that's actually the nice explanation. The nasty explanation is that whoever wrote that piece actually felt happy at the thought of a massacre.
55 publicly visible posts • joined 26 Feb 2007
but isn't this kind of investigation valuable, even if the sample sizes are small, as it can flag up important issues?
This particular one doesn't seem to fall into the "important" category mind, but I'm sure all the thalidomide babies would have appreciated searches like this a bit sooner....
the mistake that's made is to put too much emphasis on %age increases rather than absolute increases (1 extra death per mil is pretty much irrelevant even if that's a 500% increase, if elsewhere it's saving 10 per mil).
buying from the uk makes sense unless it's absolute vastly overpriced - talking 2-3x the cost - as essentially a much greater amount of it ends up staying here, either by reverting straight back to the government in tax (rather than going to the US government), or being spent and then taxed.
Plus it also means more employment, which means less money has to be spent on unemployment benefits etc.
Plus it means we actually have more tech ourselves to sell to other countries, meaning more tax and more employment.
Governments are stupid if they spend massively overseas, the cost/benefit analysis just isn't right for it (same reason they should never, ever offshore anything).
"So all in all the government has as much chance as any big company of meeting its targets in reducing carbon. Now, what chance is that? ®"
pretty easy, actually. My company went carbon neutral jan last year, is 1000 odd people, and flew past it's first year targets for carbon reduction.
They are stupid if they have someone walking round turning off pc's though (in fact, I suspect the article here is wrong) as you can automate it very simply.
"must have line of sight"
"incredible performance in rocky, mountainous terrain"
rocky, mountainous terrain normally have these little things called big rocks and mountains that block LOS....
will it only pick up people as well - or, more likely, will every random passing sheep set it off....
seems like Lewis loves the concept (and there is nothing wrong with that) but is basing his pro-piece purely on their marketing, which could be BS.
what is elreg's problem with this? FF3 tried to get as many as possible on one day, got 8mil Pretty impressive.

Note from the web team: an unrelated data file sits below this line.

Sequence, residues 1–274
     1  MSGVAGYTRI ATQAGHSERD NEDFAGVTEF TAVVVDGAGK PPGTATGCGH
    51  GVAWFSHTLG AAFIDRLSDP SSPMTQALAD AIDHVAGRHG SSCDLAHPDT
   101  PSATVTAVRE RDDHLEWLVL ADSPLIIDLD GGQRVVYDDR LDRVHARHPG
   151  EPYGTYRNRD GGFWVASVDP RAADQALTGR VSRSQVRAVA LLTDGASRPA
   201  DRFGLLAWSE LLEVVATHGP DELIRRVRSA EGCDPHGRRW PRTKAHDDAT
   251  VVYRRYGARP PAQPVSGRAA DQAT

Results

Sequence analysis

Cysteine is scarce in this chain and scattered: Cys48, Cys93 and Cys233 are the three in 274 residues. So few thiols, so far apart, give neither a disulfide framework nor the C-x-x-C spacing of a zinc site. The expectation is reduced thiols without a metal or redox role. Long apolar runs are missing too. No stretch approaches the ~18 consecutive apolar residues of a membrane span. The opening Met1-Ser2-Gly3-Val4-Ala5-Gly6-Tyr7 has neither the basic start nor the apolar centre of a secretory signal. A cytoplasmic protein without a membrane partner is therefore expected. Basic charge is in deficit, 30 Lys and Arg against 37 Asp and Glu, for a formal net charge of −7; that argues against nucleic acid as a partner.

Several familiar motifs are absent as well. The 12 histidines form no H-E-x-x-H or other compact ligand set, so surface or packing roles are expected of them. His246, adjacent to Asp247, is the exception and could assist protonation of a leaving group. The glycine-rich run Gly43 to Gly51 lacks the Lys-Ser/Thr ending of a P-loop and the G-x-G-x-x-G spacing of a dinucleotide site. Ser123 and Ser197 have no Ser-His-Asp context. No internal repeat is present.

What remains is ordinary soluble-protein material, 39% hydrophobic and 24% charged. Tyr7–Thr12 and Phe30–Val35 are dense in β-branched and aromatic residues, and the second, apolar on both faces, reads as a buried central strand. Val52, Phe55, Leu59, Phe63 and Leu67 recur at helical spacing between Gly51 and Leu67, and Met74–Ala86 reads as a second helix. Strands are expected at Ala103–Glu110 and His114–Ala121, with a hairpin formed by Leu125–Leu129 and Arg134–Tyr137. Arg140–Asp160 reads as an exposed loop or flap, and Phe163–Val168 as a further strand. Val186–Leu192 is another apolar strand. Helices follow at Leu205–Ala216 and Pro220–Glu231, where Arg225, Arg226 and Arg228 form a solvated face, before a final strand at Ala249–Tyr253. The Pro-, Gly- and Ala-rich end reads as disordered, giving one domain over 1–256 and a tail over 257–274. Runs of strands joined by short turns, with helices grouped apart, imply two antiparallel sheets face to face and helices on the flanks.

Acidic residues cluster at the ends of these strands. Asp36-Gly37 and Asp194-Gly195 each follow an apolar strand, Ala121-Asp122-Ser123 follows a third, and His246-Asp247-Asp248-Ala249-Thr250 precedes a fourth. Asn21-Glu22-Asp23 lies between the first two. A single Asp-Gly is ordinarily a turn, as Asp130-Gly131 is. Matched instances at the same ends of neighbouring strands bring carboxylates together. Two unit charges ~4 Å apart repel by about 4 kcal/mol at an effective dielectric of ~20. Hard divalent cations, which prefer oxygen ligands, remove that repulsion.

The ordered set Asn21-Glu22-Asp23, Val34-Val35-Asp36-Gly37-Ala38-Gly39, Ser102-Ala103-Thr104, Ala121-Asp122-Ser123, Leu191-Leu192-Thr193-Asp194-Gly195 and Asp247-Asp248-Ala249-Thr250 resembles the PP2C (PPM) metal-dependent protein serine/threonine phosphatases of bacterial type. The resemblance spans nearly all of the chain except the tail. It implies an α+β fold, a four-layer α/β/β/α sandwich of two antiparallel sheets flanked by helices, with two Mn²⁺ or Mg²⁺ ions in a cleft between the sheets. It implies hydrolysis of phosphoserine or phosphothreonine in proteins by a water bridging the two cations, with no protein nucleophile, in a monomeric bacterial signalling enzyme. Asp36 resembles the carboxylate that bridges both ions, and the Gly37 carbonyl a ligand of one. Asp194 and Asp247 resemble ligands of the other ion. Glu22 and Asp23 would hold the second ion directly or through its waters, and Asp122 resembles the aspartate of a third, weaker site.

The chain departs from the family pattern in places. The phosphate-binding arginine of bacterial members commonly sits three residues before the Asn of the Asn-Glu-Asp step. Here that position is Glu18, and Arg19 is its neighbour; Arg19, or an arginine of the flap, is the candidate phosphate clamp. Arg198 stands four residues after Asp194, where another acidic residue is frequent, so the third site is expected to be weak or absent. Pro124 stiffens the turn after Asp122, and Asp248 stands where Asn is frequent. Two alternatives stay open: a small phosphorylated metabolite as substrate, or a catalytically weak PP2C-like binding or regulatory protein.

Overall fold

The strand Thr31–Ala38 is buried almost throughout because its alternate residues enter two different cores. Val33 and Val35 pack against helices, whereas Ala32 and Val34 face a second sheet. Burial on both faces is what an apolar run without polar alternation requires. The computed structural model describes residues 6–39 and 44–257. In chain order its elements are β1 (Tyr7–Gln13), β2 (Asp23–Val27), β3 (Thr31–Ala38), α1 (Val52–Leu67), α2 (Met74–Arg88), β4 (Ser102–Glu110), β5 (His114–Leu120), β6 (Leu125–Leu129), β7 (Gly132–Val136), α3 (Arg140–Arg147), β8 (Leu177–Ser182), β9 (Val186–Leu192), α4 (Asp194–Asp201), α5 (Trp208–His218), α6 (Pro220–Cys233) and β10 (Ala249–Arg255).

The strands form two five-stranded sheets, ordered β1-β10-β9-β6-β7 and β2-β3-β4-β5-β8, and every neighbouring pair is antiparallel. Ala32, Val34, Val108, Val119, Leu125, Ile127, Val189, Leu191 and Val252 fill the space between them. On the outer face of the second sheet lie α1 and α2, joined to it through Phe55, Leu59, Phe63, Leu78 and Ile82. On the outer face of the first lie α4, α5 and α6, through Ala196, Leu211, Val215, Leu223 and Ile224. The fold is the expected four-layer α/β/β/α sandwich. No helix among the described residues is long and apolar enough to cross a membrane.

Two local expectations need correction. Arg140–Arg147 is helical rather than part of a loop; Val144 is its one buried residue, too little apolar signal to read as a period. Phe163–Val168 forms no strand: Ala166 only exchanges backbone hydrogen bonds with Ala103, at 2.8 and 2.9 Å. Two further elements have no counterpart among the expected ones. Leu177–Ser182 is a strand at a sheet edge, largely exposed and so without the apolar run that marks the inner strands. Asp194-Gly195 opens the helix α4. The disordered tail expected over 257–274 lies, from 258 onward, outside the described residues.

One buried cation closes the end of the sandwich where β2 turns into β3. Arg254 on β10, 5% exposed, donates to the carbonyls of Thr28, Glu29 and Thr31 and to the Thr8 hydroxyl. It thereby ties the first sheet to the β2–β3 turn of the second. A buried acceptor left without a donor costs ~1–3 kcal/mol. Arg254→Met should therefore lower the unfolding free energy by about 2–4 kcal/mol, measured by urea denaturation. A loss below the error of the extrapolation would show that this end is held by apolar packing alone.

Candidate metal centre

FF3 seems very good, much better than both 2 (which used to crash every couple of days on my pc), ie6 and ie7. Very fast. The addons don't all work but that'll be a question of time I expect - until then, FF2 is still available.
seriously, get balanced. It gets boring reading the same biased views every time.
In regards to this particular article - in a 25GW scenario you are assuming your average power supply is on the oder of 25% of this, 6.25GW. Power usage in the UK varies from 25GW to 50GW.
So in this situation you will *automatically* have at least 49 GW of alternative power available as there is a margin of at least 10% in the offline and offline power stations above.the peak load. In a situation where wind was dead flat for a long period of time there would *still* be far more energy being created during the off peak periods than actually being used which means the water storage etc can still be used.
For an engineer, this is an extremely poor piece. And Lewis, you really should stick to war - those articles of yours are much more interesting and (I hope) don't contain nearly as many holes as your energy pieces.
an article I agree with by Tim Worstall.
What gets worse is the sheer stupidity of Labour putting this into place when Labout normally get the majority of youth votes: ie, they're putting policies in place that hurt their constituency and will lose them votes.
Not only stupid scientifically and morally but also politically. Bravo Jacqui & Gordon! A triple own goal!
I'll take a few of the easy ones.
@Anonymous Coward: "For £2bn You could build two nuclear power stations with a guaranteed output of 2400MW. "
And what are the running costs, fuel costs, demolition costs, insurance costs etc? Wind has extremely low running cost. You need to look at the full cost over time and not the building cost (or we'd all just go extremely inefficient Gas rather than far more efficient CCGT for instance).